Where does vision come from?

Every company is (should be) driven by a vision of what they are, who they are and what […]

Every company is (should be) driven by a vision of what they are, who they are and what is important to being that thing. Typically that vision is shaped at the highest level, by a CEO who either collates or creates that vision, often out of a combination of gut and research.

Start-ups in particular are often born out of a single gut feeling from one person, and that idea is then relentlessly pursued. We have the classic story from the president of Oxo about his arthritic wife, and how that led to a singular vision of tools for people of impaired mobility. And of course, Netflix, born of Reed Hasting’s hatred of late fees.

Later, companies frequently form tightly coherent cultures that hold the vision collectively– think of “the HP way” for instance, or the sometimes cultish Google with their relentless passion for search. Who else would have seen mail as a information retrieval problem?

B2B’s naturally form vision in a different way, designing it to please their customers, either from a massive cash-cow, or from a powerful market. Small design shops have sometimes nearly been ruined by their relationships with one big company that feeds them… and tells them who they are.

Recently I’ve noticed a new way of shaping a vision– a web 2.0 way, if you wish– that many start-ups are embracing. Emergent Vision. At a recent SDForum event, I heard the CEO of SocialText speak about his company– how they launched the technology and let the customers tell them what it was for. This closely echoed words I’d hear at Gel a couple years back form the CEO of Meetup… they put up tools to help people meet not really knowing why people would meet. They didn’t predict the political role they played, but they certainly embraced it.

Smart companies have long adapted their course based on customer research. But I think only now we are seeing more companies launching new technologies not really know what they are for, but trusting that someone will. I did a quick 2×2 to illustrate my thinking.. please feel free to add additional companies or ideas in comments and I will incorporate…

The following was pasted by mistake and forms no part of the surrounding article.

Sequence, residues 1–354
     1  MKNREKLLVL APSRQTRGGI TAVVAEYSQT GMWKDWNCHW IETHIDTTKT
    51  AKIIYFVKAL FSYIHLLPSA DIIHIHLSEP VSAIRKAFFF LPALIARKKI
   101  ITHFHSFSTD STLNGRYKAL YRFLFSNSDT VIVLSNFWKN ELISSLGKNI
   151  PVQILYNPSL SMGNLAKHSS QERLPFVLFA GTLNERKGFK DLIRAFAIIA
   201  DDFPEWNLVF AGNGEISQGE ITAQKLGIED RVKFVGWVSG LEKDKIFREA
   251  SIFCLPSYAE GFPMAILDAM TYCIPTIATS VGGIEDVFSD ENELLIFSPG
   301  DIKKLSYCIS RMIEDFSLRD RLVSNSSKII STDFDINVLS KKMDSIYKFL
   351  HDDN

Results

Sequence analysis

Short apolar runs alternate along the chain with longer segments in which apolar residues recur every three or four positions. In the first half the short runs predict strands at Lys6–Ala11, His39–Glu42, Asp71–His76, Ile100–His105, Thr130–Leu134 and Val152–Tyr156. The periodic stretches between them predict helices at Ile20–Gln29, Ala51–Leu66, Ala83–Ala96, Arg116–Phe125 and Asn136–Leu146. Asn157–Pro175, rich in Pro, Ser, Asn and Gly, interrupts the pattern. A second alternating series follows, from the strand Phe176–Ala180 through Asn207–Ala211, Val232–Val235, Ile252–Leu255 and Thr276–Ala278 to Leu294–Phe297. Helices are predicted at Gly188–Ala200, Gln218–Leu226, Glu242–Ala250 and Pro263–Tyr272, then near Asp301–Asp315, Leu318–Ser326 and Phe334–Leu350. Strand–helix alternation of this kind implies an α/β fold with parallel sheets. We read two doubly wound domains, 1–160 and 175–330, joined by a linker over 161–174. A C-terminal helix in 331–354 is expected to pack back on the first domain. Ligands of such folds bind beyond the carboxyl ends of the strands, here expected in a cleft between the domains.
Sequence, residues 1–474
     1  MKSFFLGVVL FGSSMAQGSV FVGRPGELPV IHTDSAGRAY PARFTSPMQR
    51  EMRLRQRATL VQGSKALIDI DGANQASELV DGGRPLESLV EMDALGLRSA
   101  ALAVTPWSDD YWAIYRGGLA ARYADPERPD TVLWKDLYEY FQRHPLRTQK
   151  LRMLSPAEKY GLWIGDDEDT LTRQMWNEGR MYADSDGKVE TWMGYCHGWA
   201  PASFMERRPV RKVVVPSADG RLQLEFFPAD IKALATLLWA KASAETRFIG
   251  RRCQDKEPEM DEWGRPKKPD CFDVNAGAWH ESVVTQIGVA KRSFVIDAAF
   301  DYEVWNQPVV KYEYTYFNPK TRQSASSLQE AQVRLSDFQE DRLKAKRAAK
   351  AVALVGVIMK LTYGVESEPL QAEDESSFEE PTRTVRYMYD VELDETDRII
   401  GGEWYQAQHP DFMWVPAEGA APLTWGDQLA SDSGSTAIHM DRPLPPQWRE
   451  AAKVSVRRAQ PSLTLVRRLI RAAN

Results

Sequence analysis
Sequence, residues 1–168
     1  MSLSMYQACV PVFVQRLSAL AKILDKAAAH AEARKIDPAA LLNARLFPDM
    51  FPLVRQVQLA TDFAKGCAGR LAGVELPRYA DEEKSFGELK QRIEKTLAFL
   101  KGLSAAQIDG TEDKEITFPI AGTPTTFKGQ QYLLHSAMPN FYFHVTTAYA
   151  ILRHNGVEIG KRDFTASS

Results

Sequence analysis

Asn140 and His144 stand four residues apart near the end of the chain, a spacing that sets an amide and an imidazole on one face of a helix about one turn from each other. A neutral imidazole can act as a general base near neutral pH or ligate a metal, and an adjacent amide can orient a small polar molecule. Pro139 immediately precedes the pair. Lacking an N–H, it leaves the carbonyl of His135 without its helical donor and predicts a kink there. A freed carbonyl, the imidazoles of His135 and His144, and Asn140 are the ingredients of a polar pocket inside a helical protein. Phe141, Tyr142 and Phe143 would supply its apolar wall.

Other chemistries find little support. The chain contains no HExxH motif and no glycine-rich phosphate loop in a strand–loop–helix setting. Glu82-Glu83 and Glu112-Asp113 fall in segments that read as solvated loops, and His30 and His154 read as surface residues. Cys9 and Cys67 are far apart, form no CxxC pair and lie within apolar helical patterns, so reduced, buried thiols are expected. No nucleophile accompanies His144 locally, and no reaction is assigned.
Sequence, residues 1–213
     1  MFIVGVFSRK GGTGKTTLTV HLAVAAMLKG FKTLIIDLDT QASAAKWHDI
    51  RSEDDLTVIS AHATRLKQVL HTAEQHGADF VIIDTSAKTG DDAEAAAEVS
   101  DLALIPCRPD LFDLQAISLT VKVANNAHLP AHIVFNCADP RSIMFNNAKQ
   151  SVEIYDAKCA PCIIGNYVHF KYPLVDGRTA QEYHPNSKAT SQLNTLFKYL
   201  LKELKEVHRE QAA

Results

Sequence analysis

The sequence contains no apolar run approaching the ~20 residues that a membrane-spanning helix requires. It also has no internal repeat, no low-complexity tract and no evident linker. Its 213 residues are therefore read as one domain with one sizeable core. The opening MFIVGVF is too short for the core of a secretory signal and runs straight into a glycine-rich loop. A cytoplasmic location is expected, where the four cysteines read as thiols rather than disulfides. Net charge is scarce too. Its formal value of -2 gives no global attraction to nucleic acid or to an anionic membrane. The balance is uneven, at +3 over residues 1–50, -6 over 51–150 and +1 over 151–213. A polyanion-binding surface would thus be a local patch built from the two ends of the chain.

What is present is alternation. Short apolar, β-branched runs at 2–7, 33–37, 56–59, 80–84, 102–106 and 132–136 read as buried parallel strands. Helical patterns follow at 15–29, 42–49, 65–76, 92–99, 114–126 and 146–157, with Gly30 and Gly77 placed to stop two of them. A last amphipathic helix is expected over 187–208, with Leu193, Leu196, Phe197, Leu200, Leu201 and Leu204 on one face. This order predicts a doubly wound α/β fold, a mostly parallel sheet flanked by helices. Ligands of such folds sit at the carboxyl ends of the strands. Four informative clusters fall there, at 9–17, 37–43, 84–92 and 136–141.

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  1. 1
    David Locke

    Vision? Are you really talking vision, or are you talking mission statement. Vision is a line of business determination that is non-linear to the current strategy. It is meant to pull, while strategy is meant to push. Strategy is yesterday’s vision.

    The warm fuzzy stuff in your graph doesn’t constitute a vision.

  2. 2

    nothing in my graph is supposed to constitute vision, it’s supposed to constitute how vision is formed. Vision for oxo can be easy-to-use appliances, vision for google can be making the world’s information findable. Vision can be letting our customers tell us what we’re good at and good for.

    Mission statements are usually vague and pointless. Guy kawasaki would probably suggest a mantra as a alternative, but I’d suggest that both mantras and mission statements are simply tangible communicable expressions of vision.

  3. 3

    I keep coming back to this post for some reason. It makes my head go around in circles.

    Something that’s interesting is how vision does or doesn’t shift as an organization matures.

    It seems to me that both Social Text’s and Meetup’s initial vision were driven by technology (let’s make this), and they then adopted a vision in line with the effect of that technology after the effect had become clear. Use affected their vision (:-p).

    Vision is definitely not a line of business determination: it’s a line of cultural determination. Business is tangential, at most.

    Along the lines with how (gestalt) vision does or doesn’t shift as an organization matures, I think it’s also interesting how a mass of individual visions coalesces, eddies, ebbs, and pools as the collective vision.

    Vision frames everything, and if attitudinal change is the goal (for organizations or their customers), then framing vision becomes the strategy, expressing vision, pooling collective visions into a gestalt vision, a current. Vision is the mental model.

    Why don’t we add vision to personas?

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